The prize-winning memoir: “an enlightening walk through a life that encompasses West Africa…rent strikes, the divided self and the question of grace” (Scotland on Sunday, UK). An international bestseller and winner of the PEN/Ackerley Prize, Ricard Holloway’s candid memoir “is many things. It is a compelling account of a journey through life, told with great frankness; it is a subtle reflection on what it means to live in an imperfect and puzzling world; and it is a highly readable insight into one of the most humane and engaged minds of our times. It is, quite simply, a wonderful book” (Alexander McCall Smith). At the tender age of fourteen, Richard Holloway left his hometown of Alexandria, north of Glasgow, and travelled hundreds of miles to be educated and trained for the priesthood at an English monastery. By the age of twenty-five he had been ordained and was working in the slums of Glasgow. Through the forty years that followed, Richard touched the lives of many people as he rose to one of the highest positions in the Anglican Church. But behind his confident public faith lay a restless heart and an inquisitive mind. “Richard Holloway’s memoir is endlessly vivid and fascinating. It’s the record of a mind too large, too curious and far too generous to be confined within any single religious denomination…a delight and inspiration to believers, non-believers, and ex-believers alike.”—Philip Pullman
Tradition and Group Dynamics in Late Antique Pagan and Christian Communities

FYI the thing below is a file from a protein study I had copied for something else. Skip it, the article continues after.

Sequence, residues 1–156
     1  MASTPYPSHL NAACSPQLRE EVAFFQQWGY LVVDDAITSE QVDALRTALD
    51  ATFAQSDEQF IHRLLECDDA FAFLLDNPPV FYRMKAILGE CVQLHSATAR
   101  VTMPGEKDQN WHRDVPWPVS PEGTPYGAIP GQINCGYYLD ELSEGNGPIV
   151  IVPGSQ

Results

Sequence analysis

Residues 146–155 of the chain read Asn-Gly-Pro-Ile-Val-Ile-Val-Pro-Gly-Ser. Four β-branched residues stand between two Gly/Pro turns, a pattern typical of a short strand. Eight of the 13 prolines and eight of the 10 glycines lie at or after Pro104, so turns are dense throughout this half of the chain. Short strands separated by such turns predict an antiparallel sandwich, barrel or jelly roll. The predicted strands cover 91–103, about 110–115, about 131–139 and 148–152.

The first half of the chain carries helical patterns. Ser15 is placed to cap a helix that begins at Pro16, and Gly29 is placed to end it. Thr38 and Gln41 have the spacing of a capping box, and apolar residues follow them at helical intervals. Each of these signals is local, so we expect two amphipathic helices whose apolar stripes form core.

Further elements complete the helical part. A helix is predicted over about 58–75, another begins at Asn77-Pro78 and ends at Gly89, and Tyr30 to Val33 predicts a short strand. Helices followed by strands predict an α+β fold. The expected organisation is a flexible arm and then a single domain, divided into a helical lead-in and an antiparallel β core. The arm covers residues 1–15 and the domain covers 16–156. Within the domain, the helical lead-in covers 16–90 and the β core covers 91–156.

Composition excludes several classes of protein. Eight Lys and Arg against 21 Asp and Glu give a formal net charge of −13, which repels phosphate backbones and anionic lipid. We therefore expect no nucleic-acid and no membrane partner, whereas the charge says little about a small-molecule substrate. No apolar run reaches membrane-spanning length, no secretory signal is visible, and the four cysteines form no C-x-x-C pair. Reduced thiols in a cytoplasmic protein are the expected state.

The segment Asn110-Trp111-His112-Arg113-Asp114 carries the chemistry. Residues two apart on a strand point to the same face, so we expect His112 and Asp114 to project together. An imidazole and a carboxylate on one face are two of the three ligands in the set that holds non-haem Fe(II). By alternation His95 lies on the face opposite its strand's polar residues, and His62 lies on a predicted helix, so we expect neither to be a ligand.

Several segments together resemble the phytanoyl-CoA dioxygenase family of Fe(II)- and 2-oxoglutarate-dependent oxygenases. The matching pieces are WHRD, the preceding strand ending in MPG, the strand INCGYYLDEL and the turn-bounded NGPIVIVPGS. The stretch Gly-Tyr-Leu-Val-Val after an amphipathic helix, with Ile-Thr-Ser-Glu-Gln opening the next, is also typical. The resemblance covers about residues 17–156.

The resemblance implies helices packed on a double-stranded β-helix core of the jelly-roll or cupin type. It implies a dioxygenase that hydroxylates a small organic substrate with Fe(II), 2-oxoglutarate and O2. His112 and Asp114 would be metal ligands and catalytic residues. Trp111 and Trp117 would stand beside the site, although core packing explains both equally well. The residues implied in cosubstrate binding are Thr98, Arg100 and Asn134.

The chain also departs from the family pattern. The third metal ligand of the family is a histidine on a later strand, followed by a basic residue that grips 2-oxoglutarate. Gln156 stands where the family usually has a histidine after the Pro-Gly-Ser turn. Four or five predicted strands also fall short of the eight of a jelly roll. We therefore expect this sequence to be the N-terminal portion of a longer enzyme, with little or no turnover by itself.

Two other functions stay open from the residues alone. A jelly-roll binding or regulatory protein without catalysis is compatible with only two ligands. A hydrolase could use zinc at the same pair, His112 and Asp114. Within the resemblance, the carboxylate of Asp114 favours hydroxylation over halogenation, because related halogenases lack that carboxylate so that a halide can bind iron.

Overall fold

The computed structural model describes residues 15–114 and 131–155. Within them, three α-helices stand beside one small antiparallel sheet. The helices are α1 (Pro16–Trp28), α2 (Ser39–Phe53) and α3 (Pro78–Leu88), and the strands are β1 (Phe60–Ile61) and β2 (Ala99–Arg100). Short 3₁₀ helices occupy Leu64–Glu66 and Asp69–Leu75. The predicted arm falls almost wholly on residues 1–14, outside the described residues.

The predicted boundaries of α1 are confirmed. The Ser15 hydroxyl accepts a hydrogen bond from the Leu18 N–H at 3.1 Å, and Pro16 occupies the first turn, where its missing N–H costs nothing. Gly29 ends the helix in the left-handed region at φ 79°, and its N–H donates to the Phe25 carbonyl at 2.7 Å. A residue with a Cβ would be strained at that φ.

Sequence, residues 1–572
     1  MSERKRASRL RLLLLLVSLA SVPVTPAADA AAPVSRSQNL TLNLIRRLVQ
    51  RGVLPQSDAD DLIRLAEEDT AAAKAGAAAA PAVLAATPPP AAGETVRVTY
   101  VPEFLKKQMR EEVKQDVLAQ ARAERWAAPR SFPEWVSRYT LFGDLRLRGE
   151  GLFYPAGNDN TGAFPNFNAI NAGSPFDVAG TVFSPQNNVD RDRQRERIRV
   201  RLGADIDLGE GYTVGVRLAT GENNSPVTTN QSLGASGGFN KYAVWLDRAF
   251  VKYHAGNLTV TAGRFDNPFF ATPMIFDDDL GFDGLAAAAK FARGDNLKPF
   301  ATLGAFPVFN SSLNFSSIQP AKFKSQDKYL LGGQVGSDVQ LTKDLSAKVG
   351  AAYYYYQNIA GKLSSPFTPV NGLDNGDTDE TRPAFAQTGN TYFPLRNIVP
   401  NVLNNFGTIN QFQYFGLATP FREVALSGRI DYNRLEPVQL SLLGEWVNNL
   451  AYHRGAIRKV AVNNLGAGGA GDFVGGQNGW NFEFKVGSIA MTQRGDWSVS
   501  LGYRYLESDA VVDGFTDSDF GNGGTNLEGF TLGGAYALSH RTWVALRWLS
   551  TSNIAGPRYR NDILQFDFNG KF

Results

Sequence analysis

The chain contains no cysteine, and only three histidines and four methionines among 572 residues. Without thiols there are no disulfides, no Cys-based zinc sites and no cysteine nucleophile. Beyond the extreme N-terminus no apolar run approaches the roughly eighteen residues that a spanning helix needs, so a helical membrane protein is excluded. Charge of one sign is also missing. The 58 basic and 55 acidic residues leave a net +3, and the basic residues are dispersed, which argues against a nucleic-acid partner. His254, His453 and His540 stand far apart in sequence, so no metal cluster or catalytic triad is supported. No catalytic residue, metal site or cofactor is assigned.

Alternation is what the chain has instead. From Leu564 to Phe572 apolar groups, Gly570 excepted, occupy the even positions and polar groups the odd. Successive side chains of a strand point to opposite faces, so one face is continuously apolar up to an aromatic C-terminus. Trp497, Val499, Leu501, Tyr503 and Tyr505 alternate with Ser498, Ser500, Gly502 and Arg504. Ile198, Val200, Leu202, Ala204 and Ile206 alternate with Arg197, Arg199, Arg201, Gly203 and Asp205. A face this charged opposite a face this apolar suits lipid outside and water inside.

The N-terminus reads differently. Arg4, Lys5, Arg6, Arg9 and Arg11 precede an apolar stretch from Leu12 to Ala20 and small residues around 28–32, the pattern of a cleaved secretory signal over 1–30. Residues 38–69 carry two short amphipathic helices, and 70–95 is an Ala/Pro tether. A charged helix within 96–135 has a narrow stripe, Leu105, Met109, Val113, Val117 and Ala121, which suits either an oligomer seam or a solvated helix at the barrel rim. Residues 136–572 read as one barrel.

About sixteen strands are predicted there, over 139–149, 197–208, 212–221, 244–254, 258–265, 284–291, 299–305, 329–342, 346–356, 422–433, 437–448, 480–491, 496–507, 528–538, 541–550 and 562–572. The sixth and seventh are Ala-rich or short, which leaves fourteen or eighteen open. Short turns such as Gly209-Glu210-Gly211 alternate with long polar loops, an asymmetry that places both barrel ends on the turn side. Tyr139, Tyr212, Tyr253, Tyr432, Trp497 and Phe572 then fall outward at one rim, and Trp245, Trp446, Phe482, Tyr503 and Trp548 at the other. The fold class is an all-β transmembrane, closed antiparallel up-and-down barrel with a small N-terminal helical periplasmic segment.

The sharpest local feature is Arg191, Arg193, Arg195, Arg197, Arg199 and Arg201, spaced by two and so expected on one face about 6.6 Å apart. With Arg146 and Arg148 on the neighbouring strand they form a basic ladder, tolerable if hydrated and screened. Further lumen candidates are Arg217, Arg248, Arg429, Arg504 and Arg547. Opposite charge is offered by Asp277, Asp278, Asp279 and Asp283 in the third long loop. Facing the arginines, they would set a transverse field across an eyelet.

Author: Edward J. Watts
Publisher: Univ of California Press
This innovative study uses one well-documented moment of violence as a starting point for a wide-ranging examination of the ideas and interactions of pagan philosophers, Christian ascetics, and bishops from the fourth to the early seventh century. Edward J. Watts reconstructs a riot that erupted in Alexandria in 486 when a group of students attacked a Christian adolescent who had publicly insulted the students' teachers. Pagan students, Christians affiliated with a local monastery, and the Alexandrian ecclesiastical leaders all cast the incident in a different light, and each group tried with that interpretation to influence subsequent events. Watts, drawing on Greek, Latin, Coptic, and Syriac sources, shows how historical traditions and notions of a shared past shaped the interactions and behavior of these high-profile communities. Connecting oral and written texts to the personal relationships that gave them meaning and to the actions that gave them form, Riot in Alexandria draws new attention to the understudied social and cultural history of the later fifth-century Roman world and at the same time opens a new window on late antique intellectual life.
A Psychoanalytic Study of Lawrence Durrell’s The Alexandria Quartet: Exile and Return focuses on the dialogue created by literature and psychoanalysis in an individual’s quest to explore existential issues, such as a sense of belonging to a homeland and a recurring sense of the Uncanny (das unheimliche). Rony Alfandary explores Durrell’s attempt to recreate a sense of belonging to a homeland, which perhaps never existed but can be retraced and reinvented through writing. This book studies some issues present in Durrell’s work:? the connection between biographical and fictional elements in the study of literature the influence of early Freudian theoretical themes upon the writer later influences including post-modern and hermeneutic theories The life and work of Lawrence Durrell can serve as a prototype of a man’s quest for meaning, in a world caught in turmoil in the period between and during WW2. The author’s psychoanalytic exploration of the work and its relevance to human experience today, shows how the themes Durrell dealt with remain relevant. Alfandary highlights the ways in which his usage of several author narrative styles exemplifies the divergent and often contradictory nature of "Truth", emerging rather as multi-layered, multi-voiced and often torn sense of human subjectivity. A Psychoanalytic Study of Lawrence Durrell’s The Alexandria Quartet: Exile and Return demonstrates Durrell’s strong influence by psychoanalytic thought and will appeal to both psychoanalytic and literary scholars.